PRF being a reservoir of soluble growth factors and cytokines (transforming growth factor beta-1, insulin-like growth factor 1 and 2, platelet-derived growth factor, cytokine vascular endothelial growth factor, and interleukin 1, 4, and 6) that not only help in tissue regeneration but also accelerate wound healing. Studies have shown that PRF, when used with coronally advanced flap for recession coverage, has shown to decrease matrix metalloproteinase-8 (MMP-8) and interleukin beta levels but increase in tissue inhibitor of MMP-1 levels at 10 days, thereby promoting periodontal wound healing in the earlier phase of the process.[26],[27]

A systematic meta-analysis by Moraschini and Barboza Edos [28] and clinical studies by Keceli et al.[29] and Gupta et al.[32] have highlighted the inconsistent results of PRF in covering Miller Class I and Class II gingival recessions with no improvement in terms of root coverage, keratinized mucosa width, or clinical attachment level, but it was shown to have increased the gingival thickness.

Further, Padma et al.[37] in a randomized controlled trial proved predictable treatment for isolated Miller class I and II recession defects when used with coronally advanced flap. It provided superior root coverage with added benefit in gain in clinical attachment level and width of keratinized gingiva after 6 months postoperatively.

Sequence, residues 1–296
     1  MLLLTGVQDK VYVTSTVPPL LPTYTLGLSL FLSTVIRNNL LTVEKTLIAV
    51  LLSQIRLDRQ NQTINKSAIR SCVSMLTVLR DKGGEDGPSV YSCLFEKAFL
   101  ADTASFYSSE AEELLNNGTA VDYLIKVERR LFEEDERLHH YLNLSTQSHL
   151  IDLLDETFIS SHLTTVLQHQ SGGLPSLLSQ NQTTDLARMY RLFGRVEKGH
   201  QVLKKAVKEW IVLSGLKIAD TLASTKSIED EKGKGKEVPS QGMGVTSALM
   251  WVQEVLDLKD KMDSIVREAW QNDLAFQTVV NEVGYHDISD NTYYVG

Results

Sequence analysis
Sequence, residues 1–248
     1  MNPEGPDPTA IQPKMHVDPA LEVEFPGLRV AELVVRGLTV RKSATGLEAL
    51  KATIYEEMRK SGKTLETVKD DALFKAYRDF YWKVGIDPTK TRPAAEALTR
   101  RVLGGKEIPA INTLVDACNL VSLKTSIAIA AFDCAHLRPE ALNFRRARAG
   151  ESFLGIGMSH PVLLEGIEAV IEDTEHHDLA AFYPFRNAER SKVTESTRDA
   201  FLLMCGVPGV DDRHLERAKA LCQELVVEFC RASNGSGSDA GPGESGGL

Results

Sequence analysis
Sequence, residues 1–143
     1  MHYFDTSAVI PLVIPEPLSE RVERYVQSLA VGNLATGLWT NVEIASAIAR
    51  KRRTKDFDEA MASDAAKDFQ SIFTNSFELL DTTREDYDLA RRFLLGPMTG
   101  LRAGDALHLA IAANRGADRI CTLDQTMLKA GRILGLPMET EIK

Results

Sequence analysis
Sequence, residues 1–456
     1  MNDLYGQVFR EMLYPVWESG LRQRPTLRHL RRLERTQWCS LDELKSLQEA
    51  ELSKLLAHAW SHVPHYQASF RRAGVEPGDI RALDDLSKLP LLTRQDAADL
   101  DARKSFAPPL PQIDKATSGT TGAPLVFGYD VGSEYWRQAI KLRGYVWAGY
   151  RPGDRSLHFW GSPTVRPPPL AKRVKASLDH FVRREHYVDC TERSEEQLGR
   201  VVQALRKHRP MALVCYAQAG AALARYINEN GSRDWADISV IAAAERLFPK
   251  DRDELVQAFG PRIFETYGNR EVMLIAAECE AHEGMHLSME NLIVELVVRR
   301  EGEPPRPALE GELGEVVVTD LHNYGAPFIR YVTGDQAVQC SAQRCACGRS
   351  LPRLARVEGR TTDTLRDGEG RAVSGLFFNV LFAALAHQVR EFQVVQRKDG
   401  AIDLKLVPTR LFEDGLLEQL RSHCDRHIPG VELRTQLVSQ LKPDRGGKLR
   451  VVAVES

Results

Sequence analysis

On comparing with PRF and connective tissue graft (CTG) in gingival recession procedures, it was found that there was a greater gain in keratinized tissue width in CTG group but better wound healing in PRF group.[39]

Similar to the management of infrabony defects, the use of PRF in furcation defects when combined with bone grafts (hydroxyapatite) and rosuvastatin has shown better results emphasizing its role in periodontal regeneration.

Various in vitro studies have shown a positive biological effect in human gingival fibroblast which can have a potential role in the management of gingival recession and periodontal tissue engineering.[47]

It is well established that PRF contains soluble growth factors that not only stimulate tissue healing but also bone regeneration.[48] For guided tissue regeneration procedures, PRF has proved to be superior scaffold as compared to collagen membrane when used for in vitro cultivation of periosteal cells.[49]